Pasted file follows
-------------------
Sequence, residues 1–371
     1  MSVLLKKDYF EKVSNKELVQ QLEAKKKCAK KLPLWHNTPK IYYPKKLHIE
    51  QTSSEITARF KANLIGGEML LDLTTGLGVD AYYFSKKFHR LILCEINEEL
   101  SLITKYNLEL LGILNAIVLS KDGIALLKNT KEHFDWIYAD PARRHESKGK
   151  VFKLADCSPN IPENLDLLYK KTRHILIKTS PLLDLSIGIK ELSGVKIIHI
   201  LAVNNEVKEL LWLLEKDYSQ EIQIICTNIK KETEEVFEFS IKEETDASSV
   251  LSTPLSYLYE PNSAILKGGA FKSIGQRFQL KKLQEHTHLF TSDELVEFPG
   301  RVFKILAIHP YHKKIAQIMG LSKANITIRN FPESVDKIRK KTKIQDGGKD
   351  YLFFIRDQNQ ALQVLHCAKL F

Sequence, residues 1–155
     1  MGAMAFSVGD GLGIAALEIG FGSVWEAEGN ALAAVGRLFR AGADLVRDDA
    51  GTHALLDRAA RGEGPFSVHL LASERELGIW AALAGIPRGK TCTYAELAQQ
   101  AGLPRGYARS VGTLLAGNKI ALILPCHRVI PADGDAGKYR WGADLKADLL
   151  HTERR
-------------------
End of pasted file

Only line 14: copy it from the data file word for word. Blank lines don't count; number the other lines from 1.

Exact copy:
   151  HTERR